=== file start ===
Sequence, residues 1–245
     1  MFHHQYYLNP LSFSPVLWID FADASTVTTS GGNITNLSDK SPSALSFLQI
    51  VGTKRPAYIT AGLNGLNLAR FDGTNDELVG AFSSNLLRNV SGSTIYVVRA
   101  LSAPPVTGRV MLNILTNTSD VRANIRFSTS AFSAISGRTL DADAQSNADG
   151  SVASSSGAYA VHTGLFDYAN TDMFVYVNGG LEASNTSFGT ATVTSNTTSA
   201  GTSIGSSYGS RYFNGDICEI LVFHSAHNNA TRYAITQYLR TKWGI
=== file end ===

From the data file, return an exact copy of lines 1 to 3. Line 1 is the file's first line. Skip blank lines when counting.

Sequence, residues 1–245
     1  MFHHQYYLNP LSFSPVLWID FADASTVTTS GGNITNLSDK SPSALSFLQI
    51  VGTKRPAYIT AGLNGLNLAR FDGTNDELVG AFSSNLLRNV SGSTIYVVRA